Read Stephen's bio and previous columns


June 16, 2008

Remembering Tim Russert


We’re used to bad news coming on a Friday afternoon. But not like this.


The word came down Friday that Tim Russert, the longtime host of Meet the Press and Washington managing editor for NBC News, had died suddenly, probably of a heart attack, in NBC’s offices. He was only 58 years old.


Russert’s death silenced the voice of one of America’s most respected and influential journalists. Especially sad was that Russert, whose book about his beloved father, Big Russ and Me, had been a major bestseller largely on the strength of Father’s Day sales, was outlived by his father, and passed away two days before Father’s Day.


At least since the death of David Brinkley, Russert’s Meet the Press was the only Sunday public-affairs talk show that mattered. Always a tough questioner, yet always fair – I don’t think I ever heard him raise his voice at a guest, Bill O’Reilly-style – Russert was respected almost universally on both sides of the political aisle. His only major detractors were the sorts of hyper-partisans who see political bias in the other direction everywhere they look.


True, Russert also gets included in the usual critiques of media members who “didn’t do enough” to stop the Iraq war, challenge the Bush Administration, etc., as if the media’s job were to stake out a political position and repel their opponents, as well as stop wars and defeat politicians.


Those taking that position forget about his remarkable February 2004 Oval Office interview with President Bush, in which the president bumbled numerous questions and generally came across as woefully unprepared – probably the toughest interview with Bush by any major journalist in his presidency. Then there was his 2002 interview with Dick Cheney, in which Russert thoroughly challenged the vice president on the Iraq war.


And yes, his interview style often relied overly on “gotcha” journalism, and the pointing out of inconsistencies between quotes from 10 years ago and quotes now. As blogger Ezra Klein joked Friday, “Presumably, he's up somewhere beyond the cloud line, hectoring God about His inconsistencies. ‘But Lord, in Exodus 6:12, you clearly said . . .’” But Russert was equally tough – and equally fair – to everyone he interviewed, regardless of party.


I have many fond memories of watching Russert on Meet the Press, his eponymous cable interview show, and especially, on election nights over the years. Russert’s “magic slate,” the dry erase board he used to tally up the electoral votes on election night in 2000, instantly became legendary for its brilliant simplicity. It is especially appreciated in this high-tech age where John King of CNN uses that contraption resembling a giant iPhone to highlight the electoral map.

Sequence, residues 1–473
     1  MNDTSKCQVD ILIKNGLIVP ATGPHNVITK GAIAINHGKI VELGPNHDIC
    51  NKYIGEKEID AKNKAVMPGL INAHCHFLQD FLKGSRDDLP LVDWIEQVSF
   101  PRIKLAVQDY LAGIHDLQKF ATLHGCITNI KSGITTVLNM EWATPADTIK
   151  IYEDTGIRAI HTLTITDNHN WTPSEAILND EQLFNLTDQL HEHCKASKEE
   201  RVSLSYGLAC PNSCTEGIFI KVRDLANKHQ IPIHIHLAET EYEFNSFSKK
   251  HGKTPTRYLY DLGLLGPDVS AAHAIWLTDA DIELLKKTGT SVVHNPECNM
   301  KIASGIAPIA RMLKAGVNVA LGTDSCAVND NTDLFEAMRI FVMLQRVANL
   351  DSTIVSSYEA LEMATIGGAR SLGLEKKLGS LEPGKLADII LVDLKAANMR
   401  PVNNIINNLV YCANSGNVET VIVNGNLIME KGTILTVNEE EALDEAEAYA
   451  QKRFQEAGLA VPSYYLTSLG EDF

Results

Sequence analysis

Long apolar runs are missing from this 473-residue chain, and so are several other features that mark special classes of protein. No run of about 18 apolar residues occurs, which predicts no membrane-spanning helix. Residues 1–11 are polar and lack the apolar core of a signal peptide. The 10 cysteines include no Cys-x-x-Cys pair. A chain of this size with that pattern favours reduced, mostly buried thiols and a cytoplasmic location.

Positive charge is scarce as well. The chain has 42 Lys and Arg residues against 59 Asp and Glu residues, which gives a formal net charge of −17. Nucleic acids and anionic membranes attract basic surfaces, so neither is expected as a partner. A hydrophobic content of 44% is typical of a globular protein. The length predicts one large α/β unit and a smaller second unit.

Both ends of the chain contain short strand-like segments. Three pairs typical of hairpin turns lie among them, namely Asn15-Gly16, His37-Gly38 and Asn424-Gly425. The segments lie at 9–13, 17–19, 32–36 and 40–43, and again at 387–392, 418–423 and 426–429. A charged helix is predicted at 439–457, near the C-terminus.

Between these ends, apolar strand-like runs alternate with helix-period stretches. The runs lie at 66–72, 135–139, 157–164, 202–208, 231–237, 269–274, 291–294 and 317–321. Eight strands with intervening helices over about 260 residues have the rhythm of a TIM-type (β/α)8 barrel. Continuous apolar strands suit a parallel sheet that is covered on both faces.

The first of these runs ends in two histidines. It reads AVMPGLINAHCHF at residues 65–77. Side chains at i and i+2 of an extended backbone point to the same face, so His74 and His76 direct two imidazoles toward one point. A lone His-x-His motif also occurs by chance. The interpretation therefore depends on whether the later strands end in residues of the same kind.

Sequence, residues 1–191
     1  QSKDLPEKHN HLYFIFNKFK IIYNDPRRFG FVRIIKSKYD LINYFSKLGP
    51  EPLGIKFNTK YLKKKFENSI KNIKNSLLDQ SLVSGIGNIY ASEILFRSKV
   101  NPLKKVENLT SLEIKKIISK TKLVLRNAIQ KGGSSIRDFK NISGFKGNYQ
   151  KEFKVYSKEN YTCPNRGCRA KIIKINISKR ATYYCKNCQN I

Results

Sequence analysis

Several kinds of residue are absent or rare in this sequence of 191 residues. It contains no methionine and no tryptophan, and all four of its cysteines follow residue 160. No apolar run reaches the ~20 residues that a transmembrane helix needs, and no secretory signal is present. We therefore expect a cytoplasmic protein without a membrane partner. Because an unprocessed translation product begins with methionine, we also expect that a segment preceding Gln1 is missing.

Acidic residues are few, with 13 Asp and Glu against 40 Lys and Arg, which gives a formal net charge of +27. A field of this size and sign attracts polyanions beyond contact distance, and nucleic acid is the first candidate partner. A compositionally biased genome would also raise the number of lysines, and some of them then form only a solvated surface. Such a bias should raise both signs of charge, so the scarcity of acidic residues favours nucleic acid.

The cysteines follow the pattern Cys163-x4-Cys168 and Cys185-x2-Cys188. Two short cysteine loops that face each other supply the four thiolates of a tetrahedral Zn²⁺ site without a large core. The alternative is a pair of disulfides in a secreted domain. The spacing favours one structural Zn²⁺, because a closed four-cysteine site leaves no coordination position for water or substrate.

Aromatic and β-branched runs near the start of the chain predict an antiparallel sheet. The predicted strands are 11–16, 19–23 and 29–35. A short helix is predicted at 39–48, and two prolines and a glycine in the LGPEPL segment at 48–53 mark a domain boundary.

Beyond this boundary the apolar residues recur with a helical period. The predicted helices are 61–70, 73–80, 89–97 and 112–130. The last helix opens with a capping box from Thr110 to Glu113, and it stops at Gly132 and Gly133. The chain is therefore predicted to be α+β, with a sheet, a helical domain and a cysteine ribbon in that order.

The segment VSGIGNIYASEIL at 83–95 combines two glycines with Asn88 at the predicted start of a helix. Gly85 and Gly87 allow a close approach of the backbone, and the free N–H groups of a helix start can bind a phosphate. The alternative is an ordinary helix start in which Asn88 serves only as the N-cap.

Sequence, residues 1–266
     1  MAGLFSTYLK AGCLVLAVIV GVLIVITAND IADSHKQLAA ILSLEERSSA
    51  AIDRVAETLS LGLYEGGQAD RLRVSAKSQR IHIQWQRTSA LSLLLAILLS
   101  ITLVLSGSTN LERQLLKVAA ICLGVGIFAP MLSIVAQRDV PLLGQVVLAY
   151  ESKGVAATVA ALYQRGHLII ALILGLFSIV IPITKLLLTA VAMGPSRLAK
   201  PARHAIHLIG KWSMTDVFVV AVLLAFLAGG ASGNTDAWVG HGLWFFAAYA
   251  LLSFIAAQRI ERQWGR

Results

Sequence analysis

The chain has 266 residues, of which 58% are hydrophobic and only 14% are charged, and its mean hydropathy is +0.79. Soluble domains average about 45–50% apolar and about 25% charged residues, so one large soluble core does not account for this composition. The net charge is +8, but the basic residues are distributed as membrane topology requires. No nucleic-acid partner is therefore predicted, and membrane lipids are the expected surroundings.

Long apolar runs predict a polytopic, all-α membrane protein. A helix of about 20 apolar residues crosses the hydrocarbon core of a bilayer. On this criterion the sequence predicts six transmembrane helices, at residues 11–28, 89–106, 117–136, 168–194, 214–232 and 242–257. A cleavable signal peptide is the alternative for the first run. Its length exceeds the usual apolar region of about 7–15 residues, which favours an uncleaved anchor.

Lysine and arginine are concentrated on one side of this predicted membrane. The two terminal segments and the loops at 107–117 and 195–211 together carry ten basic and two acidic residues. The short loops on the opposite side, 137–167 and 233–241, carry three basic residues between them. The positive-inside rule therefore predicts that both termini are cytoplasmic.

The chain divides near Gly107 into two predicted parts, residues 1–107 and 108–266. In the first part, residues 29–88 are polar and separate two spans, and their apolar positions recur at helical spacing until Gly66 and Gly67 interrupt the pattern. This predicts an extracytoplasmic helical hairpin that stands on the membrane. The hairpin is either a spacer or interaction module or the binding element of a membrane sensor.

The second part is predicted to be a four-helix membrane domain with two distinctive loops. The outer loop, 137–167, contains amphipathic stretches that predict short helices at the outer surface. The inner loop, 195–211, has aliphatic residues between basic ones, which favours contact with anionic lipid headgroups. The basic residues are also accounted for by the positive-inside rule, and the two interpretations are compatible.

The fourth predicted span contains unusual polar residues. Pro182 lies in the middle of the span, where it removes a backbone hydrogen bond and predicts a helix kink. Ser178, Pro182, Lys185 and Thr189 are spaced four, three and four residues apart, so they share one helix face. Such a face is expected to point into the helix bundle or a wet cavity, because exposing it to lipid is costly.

Indeed, the day of Russert’s passing a floral arrangement in front of NBC’s Washington bureau included a dry-erase board with “We’ll Miss you, Tim” written on it. MSNBC, meanwhile, has kept an essentially weekend-long on-air vigil for their fallen colleague.


More recently, Russert was a valuable participant in the network’s coverage of the 2008 campaign, both moderating debates and contributing to each of those many, many Hillary Clinton-Barack Obama primary nights. And when Barack Obama won North Carolina and narrowly lost Indiana in early May, it was Russert who was the first major journalist to declare Obama the nominee.


In early May, in a particularly funny moment that’s now considerably less so, Clinton campaign chairman Terry McAuliffe had sanctimoniously stated on Meet the Press that both his father and Russert’s father are “both in heaven right now, Tim, probably having a scotch, looking down and saying, you know what, this fight goes on.” Russert reported that “Big Russ,” who is still very much alive, is “in the Barcalounger, still watching this."


Russert even once guest-starred, as the “cousin” of a detective character known as Megan Russert, on the great 1990s cop show “Homicide: Life on the Street,” showing that he was able to laugh at himself.


So the campaign, and the network, and Washington, will somehow go on without Tim Russert, as will, with much more difficulty, his wife, son and Big Russ. It’s going to be very strange, on Sundays, hearing the opening sounds of the Meet the Press theme song without Russert’s voice accompanying it.


© 2008 North Star Writers Group. May not be republished without permission.


Click here to talk to our writers and editors about this column and others in our discussion forum.


To e-mail feedback about this column, click here. If you enjoy this writer's work, please contact your local newspapers editors and ask them to carry it.

This is Column # SS104. Request permission to publish here.

Op-Ed Writers
Eric Baerren
Lucia de Vernai
Herman Cain
Dan Calabrese
Alan Hurwitz
Paul Ibrahim
David Karki
Llewellyn King
Gregory D. Lee
David B. Livingstone
Nathaniel Shockey
Stephen Silver
Candace Talmadge
Jamie Weinstein
Feature Writers
Mike Ball
Bob Batz
The Laughing Chef
David J. Pollay
Business Writers
Cindy Droog
D.F. Krause